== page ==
In December 2019, the Expert Panel on Modern Federal Labour Standards released 39 recommendations that could affect federally regulated workplaces, and Prime Minister Trudeau gave the federal Minister of Labour an ambitious mandate. In this session, experts will provide an update on the status of recent amendments to legislation affecting federally regulated workplaces, discuss the Expert Panel’s report, and identify what important changes lie ahead for unions and employers in the federally regulated public and private sectors.
- How do recent amendments to the Canada Labour Code affect work scheduling and flexible work arrangements in federally regulated workplaces? Have employers or unions encountered any difficulty adapting to these changes?
- How are workplace parties responding to new obligations regarding workplace violence and harassment? Are elements of the Bill C-65 amendments to the Canada Labour Code or the Workplace Harassment and Violence Prevention Regulations — for example, prescribed timelines or requirements for the appointment of investigators — likely to pose difficulties for employers or unions?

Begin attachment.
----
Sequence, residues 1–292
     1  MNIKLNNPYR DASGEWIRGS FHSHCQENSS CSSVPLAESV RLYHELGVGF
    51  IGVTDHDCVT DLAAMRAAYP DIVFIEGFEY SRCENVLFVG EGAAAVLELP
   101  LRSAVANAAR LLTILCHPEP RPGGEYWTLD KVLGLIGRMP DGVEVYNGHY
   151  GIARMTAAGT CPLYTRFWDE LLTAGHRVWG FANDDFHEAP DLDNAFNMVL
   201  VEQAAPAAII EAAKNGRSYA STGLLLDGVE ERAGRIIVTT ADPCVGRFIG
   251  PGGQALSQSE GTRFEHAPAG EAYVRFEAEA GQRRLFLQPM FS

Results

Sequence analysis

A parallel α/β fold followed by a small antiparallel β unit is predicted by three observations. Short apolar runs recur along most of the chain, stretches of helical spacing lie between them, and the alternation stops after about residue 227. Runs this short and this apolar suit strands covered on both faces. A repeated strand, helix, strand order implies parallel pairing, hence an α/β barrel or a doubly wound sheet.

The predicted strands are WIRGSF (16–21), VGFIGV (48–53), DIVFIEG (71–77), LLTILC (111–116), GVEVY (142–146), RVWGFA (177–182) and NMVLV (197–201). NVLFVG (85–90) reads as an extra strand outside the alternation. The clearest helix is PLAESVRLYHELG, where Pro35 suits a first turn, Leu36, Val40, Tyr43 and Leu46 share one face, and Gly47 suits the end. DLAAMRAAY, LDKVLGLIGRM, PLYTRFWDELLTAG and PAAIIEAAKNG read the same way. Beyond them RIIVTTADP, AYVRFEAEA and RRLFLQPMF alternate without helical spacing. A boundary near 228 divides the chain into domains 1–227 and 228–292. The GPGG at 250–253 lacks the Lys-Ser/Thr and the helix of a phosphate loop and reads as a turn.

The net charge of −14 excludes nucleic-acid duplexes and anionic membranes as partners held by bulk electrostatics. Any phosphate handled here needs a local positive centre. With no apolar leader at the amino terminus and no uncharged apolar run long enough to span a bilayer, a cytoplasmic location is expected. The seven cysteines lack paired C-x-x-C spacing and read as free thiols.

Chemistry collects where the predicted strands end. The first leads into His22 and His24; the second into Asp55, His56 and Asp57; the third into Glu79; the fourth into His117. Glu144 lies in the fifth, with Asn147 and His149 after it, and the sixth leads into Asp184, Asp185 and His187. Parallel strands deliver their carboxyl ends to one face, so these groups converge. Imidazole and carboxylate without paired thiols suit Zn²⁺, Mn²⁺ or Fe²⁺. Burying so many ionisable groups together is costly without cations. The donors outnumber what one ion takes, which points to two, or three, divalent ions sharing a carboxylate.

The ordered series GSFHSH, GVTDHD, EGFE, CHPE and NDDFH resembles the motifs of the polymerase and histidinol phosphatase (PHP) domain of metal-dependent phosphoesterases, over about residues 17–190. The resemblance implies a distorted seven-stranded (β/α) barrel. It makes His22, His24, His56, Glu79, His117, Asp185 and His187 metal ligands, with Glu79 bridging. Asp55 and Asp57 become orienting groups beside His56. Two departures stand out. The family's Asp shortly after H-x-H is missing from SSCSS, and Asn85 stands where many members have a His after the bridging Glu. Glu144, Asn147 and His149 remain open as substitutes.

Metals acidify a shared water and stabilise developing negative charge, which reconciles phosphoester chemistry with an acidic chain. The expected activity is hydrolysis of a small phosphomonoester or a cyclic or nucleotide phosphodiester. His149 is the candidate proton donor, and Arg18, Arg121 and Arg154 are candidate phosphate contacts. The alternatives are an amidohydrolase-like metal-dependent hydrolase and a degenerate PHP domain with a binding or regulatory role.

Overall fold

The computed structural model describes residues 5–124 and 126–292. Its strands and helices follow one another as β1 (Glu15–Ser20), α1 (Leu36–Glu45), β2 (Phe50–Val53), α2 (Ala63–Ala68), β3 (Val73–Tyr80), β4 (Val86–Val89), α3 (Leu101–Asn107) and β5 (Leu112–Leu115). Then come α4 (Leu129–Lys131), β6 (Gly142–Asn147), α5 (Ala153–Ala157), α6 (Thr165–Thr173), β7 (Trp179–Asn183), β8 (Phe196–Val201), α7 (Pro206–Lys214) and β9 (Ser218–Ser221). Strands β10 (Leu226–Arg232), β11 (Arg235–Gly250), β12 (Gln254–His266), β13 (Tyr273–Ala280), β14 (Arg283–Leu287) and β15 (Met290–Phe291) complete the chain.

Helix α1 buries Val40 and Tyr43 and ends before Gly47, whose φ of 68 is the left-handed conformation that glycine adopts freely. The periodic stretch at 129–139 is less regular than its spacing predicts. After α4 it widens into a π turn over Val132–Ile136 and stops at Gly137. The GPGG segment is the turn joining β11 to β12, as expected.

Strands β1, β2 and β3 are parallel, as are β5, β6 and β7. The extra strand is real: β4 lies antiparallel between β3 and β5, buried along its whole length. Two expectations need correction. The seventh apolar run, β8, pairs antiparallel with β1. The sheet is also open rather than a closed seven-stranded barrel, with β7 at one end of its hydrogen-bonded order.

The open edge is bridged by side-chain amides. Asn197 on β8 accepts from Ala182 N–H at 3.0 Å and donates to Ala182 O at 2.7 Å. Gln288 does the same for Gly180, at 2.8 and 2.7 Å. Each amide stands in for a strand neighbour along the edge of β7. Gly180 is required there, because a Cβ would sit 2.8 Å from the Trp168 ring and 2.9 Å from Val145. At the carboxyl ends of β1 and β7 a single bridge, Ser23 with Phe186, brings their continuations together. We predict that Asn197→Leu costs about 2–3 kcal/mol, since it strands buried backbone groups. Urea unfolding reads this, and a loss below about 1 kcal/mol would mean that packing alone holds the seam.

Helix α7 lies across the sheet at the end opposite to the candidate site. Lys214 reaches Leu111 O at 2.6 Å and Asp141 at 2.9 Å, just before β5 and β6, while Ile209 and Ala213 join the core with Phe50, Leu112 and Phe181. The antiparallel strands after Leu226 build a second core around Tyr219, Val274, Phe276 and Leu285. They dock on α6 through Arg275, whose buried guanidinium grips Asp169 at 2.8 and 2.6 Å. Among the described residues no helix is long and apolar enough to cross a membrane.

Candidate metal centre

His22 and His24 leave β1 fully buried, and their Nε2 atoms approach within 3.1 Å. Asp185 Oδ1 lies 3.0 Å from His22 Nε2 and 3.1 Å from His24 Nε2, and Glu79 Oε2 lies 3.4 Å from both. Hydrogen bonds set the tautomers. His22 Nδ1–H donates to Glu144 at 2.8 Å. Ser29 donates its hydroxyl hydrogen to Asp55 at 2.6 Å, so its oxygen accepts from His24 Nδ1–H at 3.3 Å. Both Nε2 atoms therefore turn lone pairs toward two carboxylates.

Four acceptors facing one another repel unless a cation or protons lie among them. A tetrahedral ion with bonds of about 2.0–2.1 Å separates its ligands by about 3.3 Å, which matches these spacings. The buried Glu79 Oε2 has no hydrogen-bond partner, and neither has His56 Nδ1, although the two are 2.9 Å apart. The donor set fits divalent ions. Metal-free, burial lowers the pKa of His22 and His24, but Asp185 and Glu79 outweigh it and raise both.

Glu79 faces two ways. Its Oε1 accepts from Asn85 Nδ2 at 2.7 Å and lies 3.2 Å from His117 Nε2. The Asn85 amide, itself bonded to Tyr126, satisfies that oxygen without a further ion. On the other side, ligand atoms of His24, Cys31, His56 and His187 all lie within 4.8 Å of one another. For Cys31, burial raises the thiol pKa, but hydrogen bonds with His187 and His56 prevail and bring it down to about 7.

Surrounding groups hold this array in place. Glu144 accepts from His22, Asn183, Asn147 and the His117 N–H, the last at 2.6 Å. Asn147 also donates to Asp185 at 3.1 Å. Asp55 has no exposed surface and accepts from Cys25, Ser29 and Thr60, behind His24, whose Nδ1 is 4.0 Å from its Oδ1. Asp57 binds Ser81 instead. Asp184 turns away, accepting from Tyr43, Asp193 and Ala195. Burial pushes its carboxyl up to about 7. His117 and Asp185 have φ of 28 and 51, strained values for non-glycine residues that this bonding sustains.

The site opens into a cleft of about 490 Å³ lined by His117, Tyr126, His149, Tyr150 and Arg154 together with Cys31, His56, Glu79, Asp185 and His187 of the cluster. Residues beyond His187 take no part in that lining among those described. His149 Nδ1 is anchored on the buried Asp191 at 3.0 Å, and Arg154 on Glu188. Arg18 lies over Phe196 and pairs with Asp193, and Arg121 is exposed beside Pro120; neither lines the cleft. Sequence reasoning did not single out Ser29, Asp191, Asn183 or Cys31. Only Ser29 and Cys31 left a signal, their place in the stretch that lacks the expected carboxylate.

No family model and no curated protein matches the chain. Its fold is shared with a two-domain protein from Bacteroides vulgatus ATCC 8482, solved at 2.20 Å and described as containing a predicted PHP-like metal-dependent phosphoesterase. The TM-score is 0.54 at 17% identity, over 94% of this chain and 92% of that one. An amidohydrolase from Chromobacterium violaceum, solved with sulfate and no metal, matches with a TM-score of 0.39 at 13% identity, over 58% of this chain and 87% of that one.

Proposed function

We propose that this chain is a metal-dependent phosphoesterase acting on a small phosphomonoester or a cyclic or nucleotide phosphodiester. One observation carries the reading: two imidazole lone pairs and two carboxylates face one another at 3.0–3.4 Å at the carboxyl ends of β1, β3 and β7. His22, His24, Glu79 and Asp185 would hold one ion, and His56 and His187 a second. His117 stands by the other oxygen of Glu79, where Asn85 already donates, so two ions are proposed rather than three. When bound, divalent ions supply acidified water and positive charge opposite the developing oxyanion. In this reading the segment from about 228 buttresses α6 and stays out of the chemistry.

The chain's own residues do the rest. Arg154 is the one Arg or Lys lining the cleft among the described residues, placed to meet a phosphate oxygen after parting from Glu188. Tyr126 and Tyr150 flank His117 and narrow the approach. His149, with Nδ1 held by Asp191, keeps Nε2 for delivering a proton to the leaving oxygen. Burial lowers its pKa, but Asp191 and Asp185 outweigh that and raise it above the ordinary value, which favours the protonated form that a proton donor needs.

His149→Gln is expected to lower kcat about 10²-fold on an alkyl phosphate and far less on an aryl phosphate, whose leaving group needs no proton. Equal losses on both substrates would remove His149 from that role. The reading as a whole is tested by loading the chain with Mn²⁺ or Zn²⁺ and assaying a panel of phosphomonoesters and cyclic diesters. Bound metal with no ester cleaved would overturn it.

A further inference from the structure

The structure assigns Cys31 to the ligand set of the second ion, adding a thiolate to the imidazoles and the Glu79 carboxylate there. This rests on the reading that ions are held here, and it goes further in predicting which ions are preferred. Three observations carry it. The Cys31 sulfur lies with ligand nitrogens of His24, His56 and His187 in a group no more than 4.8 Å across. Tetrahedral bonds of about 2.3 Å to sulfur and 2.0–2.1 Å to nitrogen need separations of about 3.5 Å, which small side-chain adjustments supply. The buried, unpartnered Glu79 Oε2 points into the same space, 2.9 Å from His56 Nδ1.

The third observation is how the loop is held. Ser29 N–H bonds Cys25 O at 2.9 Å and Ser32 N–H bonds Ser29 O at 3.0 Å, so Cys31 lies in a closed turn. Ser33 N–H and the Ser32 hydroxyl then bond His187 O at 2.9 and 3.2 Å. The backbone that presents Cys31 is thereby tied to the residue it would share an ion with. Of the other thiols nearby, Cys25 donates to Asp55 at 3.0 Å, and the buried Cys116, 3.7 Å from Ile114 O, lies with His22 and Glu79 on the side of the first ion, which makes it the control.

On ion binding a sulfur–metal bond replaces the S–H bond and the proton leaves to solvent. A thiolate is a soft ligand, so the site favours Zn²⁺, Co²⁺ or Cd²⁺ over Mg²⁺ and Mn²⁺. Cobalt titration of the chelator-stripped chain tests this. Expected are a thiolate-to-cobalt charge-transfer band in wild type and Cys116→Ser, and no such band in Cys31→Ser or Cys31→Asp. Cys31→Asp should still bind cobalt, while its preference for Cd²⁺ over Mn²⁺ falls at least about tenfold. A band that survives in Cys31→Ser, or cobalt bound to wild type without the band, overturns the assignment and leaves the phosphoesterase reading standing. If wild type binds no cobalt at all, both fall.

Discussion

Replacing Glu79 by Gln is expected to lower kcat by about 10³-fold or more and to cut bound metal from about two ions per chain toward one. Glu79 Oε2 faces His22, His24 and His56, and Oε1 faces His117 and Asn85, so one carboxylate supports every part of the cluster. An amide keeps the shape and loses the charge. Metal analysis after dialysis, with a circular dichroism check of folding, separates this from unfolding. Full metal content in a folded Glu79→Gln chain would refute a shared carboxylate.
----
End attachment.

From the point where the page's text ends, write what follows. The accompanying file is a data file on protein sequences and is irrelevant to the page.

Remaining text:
- What new obligations do federally regulated employers have regarding employment equity and accessibility?
- Why was the Expert Panel on Modern Federal Labour Standards created? How did the Panel arrive at its conclusions and recommendations? Which of the Panel’s recommendations has the government already acted on? What other recommendations does the government seem receptive to? Which recommendations appear to be “dead in the water”?
- Why did the panel recommend against creating a statutory right to disconnect at this time? Why has the Minister of Labour been mandated to develop new Canada Labour Code provisions establishing such a right?
- What recommendations did the Panel make regarding collective voice for non-unionized workers? How have these recommendations been received by employers and unions? Is anything likely to come of these recommendations?
- What are the Panel’s key recommendations regarding protections for workers in non-standard work, access to benefits, and portability? Are some of the recommendations more likely to be implemented now that the COVID-19 pandemic has highlighted the precariousness of many workers and the public health rationale for increased access to paid time off and income replacement benefits?
- What steps, if any, has the federal Minister of Labour taken to fulfill her mandate to “include mental health as a specific element of occupational health and safety”? Might the National Standard of Canada for Psychological Health and Safety in the Workplace become a legal obligation rather than a voluntary standard?